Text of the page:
In the 15 years that the Marvel Cinematic Universe has been spitting out movies, none has been as deep and as polished as Ryan Coogler’s Black Panther and Wakanda Forever. Unlike other films in the franchise, the creators have gone beyond creating popcorn superhero flicks and delivered a strong, emotional story that resonates with fans and critics. And yes, we’ll dare to say it: The Black Panther movies are the strongest films in the MCU.
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With a decade and a half worth of great films, the Marvel Cinematic Universe is still going strong, but it’s not just about the big hits anymore. The MCU has become a source of inspiration for countless filmmakers and studios around the world. With stories that transcend the film medium and reach audiences on a global scale, Marvel Studios continues to find new ways to entertain its fans and expand its cinematic universe.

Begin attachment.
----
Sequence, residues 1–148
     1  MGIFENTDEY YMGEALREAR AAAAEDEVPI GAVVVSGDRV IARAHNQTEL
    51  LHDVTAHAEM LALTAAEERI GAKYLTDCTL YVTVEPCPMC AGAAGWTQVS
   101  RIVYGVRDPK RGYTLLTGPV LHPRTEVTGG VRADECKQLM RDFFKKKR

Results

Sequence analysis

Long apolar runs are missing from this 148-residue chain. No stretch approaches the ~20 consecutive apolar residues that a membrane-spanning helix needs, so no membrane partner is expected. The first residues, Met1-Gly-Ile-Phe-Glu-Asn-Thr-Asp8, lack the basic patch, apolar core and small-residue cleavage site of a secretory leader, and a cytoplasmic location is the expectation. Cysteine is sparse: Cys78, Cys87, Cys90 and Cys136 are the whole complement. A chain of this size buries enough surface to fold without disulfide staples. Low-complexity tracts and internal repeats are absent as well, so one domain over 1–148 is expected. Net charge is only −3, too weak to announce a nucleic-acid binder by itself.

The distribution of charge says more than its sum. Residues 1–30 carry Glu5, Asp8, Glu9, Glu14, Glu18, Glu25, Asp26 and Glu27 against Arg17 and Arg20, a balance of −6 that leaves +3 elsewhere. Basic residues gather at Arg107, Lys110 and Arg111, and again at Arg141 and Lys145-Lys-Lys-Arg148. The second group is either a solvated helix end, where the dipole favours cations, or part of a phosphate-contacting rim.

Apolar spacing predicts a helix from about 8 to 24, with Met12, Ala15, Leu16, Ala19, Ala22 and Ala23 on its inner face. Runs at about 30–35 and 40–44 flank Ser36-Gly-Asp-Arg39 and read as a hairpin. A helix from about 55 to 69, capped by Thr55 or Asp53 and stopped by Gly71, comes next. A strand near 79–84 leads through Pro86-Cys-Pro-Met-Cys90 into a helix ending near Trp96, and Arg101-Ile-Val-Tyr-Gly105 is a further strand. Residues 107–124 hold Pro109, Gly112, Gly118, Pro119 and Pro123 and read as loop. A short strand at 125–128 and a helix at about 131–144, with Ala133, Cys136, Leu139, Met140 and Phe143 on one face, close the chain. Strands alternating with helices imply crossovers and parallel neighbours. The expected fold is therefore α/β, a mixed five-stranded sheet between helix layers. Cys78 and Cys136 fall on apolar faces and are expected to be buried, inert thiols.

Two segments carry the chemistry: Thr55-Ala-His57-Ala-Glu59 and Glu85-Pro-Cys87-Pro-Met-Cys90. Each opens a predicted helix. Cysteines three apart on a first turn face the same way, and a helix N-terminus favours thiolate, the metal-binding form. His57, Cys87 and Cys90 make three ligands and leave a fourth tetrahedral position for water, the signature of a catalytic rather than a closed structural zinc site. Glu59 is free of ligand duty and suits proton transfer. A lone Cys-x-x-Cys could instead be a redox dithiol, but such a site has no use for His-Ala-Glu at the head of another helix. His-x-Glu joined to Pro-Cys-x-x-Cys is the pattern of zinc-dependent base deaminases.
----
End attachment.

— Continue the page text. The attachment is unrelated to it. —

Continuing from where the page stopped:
At their core, superhero flicks have always been about escapism. Whether it was the simple joys of watching Batman fight crime or Spider-Man swinging through New York City, audiences loved the idea of these larger-than-life characters taking down crime in their city. But where so many of those stories became stale over time and lost their appeal, Marvel found a way to keep them fresh by creating an interconnected world built on a foundation of diverse heroes with unique powers.
In a world with hundreds of superhero origins stories, the MCU has begun to use a new take on the genre. In short, the MCU now tells the tales of the conditions surrounding a certain character, instead of focusing on how they got their powers. Each film weaves together a story based on the hero’s powers, but the real focus lies on the events that led to the character becoming a superhero.